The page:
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I was originally drawn to Crazy for the Storm: A Memoir of Survival by Norman Ollestad because it was a story about an 11 year old boy who beat incredible odds to survive a plane crash in the mountains.
He was the only survivor.
While I thought the book would be mainly about Ollestad’s crash and survival, it was actually about much more and left me thinking about parent/child relationships for quite some time.
Ollestad is just a few years older than me, but his formative years were much different than mine. His father, Norman Ollestad, Sr., was an actor as a child and played baseball, but all he wanted to do was surf and ski. When he had his son, Norman, Jr., he started him early on the sports he loved. In fact, little Norman, as he’s called in the book, went surfing with his father when he was just a baby. His father strapped him onto his back. Little Norman also had skied black diamond runs when he was four years old.
Little Norman’s parents divorced early in his life, so his life was chaotic. He spent his time with his mom and her live-in boyfriend, Nick, as well as his dad. Nick was an alcoholic who was verbally and physically rough with little Norman and he beat Norman’s mom up on at least one occasion. Little Norman’s dad, on the other hand, constantly pushed him so that by the time he was 10 and 11, he was winning ski championships.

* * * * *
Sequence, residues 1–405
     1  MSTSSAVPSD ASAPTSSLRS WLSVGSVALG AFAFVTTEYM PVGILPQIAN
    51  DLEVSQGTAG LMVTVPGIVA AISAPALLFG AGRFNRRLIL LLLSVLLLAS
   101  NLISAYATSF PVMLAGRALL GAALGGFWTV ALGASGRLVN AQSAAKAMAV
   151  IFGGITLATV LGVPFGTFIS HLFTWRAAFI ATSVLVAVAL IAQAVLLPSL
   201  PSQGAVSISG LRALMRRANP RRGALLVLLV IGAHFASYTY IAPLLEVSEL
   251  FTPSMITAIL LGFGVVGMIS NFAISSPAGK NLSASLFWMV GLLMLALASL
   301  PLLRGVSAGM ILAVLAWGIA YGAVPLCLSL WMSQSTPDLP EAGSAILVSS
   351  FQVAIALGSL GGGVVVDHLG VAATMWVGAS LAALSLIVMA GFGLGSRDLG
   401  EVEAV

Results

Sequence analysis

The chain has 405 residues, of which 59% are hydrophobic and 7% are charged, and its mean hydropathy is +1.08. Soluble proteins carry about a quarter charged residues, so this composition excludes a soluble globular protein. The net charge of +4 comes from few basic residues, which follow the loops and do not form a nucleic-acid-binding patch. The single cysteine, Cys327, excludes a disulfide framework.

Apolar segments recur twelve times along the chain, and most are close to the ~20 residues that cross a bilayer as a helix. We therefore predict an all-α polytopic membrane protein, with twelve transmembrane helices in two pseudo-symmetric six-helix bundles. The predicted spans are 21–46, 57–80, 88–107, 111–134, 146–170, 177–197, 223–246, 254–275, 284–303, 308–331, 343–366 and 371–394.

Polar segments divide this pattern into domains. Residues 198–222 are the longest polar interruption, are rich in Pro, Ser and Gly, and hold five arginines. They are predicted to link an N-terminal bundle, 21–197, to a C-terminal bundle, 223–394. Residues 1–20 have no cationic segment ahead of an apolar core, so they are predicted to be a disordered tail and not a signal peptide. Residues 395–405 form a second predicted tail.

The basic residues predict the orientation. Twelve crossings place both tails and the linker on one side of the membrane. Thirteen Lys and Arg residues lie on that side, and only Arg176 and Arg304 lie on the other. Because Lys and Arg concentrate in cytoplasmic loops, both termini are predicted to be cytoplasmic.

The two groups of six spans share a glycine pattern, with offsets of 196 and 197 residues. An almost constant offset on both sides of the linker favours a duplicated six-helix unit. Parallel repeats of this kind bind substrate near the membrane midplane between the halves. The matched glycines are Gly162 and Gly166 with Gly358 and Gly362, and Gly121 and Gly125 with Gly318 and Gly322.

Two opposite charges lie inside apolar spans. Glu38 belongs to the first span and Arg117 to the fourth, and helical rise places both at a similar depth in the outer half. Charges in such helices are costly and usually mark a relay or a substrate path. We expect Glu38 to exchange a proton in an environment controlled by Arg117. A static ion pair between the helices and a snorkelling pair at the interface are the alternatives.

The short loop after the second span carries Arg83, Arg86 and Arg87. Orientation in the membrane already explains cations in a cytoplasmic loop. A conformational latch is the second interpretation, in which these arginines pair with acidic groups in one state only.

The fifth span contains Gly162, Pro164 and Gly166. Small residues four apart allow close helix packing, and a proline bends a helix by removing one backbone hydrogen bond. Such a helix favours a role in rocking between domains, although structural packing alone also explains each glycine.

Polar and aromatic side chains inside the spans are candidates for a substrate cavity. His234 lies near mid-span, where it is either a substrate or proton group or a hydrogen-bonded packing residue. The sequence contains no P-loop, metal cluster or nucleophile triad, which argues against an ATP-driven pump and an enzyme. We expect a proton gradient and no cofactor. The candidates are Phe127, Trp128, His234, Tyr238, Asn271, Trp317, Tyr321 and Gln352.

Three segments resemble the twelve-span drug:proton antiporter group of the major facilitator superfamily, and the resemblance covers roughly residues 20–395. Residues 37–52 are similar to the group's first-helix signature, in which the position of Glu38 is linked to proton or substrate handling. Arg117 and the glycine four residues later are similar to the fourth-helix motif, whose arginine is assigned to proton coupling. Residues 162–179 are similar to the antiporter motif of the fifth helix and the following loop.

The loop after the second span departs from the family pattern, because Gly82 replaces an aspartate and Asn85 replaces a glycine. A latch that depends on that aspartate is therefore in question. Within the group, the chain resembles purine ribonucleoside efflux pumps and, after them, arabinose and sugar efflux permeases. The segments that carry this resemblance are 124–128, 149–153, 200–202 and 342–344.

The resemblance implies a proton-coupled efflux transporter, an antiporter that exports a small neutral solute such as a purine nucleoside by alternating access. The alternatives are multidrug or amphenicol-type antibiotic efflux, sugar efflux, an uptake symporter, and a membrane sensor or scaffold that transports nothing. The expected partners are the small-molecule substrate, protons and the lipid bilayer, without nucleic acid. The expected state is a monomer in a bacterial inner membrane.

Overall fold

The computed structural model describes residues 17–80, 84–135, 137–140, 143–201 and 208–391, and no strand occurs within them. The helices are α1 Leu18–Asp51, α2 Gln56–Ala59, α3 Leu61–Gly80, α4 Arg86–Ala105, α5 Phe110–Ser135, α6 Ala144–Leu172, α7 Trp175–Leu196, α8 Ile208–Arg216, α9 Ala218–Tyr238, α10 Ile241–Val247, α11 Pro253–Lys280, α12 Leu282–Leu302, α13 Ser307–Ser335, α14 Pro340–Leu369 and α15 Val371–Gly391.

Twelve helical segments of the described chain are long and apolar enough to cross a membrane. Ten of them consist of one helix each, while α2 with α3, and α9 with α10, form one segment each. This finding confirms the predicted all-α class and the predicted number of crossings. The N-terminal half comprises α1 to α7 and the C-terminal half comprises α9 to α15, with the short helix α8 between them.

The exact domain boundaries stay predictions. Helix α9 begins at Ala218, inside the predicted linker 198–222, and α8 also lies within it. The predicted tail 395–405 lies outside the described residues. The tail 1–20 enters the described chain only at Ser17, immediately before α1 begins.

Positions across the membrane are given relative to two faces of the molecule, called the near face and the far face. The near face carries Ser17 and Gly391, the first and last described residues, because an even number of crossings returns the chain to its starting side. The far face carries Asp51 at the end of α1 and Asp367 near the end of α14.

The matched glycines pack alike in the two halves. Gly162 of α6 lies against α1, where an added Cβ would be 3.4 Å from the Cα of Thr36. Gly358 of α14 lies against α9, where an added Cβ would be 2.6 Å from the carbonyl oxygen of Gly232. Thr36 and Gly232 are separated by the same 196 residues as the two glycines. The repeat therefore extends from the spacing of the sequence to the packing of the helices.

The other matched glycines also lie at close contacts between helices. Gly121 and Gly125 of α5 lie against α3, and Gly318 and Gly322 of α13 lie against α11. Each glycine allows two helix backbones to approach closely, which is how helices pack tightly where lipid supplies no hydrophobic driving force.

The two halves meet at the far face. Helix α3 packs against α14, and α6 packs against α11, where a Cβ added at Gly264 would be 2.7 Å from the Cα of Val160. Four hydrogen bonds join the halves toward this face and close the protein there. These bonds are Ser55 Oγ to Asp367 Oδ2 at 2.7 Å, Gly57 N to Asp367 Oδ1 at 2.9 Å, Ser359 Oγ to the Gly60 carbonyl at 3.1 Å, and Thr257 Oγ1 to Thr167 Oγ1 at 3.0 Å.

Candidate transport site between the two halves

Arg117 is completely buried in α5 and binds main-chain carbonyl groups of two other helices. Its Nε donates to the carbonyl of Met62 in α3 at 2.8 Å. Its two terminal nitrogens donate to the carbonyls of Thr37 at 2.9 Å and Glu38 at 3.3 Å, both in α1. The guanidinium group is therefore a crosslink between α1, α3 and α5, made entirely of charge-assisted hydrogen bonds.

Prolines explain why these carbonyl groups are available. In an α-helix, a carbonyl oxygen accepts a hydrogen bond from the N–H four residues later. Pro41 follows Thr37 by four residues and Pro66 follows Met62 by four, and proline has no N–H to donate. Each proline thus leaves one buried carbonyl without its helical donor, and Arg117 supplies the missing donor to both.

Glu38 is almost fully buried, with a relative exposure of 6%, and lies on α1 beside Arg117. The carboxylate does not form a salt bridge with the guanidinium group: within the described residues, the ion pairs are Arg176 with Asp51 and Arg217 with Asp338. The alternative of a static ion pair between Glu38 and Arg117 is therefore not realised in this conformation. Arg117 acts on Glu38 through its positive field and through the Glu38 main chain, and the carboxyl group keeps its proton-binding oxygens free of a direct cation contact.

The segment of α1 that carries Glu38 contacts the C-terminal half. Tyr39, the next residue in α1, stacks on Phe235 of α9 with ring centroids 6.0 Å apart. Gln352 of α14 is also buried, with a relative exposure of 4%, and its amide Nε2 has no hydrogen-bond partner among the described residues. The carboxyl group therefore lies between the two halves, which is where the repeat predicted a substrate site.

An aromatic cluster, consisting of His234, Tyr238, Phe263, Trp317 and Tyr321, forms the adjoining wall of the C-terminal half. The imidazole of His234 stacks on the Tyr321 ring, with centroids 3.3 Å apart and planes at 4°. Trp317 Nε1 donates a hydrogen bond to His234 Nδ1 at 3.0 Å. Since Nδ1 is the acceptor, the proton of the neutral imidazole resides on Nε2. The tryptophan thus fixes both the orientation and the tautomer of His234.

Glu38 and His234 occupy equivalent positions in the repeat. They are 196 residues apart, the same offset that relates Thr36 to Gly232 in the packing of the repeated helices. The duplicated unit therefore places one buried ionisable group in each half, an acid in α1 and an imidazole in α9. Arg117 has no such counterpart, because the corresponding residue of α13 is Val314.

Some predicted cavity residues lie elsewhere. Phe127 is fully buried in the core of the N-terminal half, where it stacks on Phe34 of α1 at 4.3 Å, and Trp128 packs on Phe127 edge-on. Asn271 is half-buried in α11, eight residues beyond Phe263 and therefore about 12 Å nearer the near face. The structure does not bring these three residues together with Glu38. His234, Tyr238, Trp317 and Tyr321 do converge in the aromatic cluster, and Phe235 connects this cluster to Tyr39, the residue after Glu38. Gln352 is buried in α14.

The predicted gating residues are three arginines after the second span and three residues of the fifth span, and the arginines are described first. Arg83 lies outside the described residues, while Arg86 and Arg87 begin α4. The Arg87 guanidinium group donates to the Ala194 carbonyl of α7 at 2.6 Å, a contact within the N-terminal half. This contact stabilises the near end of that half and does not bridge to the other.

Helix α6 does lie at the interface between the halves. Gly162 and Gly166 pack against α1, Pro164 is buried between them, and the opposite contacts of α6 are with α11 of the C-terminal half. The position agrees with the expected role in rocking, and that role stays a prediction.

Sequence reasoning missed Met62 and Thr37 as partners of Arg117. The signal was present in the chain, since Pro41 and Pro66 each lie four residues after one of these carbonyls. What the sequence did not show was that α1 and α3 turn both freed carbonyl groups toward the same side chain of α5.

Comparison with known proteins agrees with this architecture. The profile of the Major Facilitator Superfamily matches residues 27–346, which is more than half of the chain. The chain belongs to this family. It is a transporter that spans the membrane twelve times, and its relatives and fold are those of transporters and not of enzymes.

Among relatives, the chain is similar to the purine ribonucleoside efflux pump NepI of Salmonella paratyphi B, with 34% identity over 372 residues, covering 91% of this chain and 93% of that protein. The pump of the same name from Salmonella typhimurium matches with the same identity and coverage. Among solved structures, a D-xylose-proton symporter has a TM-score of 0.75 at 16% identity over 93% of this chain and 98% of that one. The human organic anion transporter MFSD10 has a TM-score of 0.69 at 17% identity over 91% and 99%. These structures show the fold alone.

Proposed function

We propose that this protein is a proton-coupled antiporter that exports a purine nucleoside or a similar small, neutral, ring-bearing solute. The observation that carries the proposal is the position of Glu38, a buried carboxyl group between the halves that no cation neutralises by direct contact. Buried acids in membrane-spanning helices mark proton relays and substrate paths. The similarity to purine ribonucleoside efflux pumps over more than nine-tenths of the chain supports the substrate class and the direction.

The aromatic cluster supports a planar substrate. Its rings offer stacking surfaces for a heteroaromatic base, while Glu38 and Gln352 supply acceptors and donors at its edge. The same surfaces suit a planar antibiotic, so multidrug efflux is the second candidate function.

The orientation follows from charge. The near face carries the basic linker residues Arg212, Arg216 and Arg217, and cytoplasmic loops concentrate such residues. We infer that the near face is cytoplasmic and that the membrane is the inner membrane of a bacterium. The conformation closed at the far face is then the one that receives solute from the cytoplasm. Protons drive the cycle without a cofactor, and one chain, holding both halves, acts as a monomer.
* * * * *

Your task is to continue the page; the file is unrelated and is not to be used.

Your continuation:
In fact, Norman Sr. chartered the plane that ultimately lead to his demise so he could take little Norman back to the mountains to get the trophy he had earned the night before in a ski championship.
The plane was doomed from the beginning, as little Norman discovers when he’s an adult.
While this book is a fascinating story, it’s not just because of the survival story. It’s because Norman survived not only an airplane crash but his childhood. And he not only survived, but thrived.
5 out of 5 stars on the Mom’s Plans’ scale.
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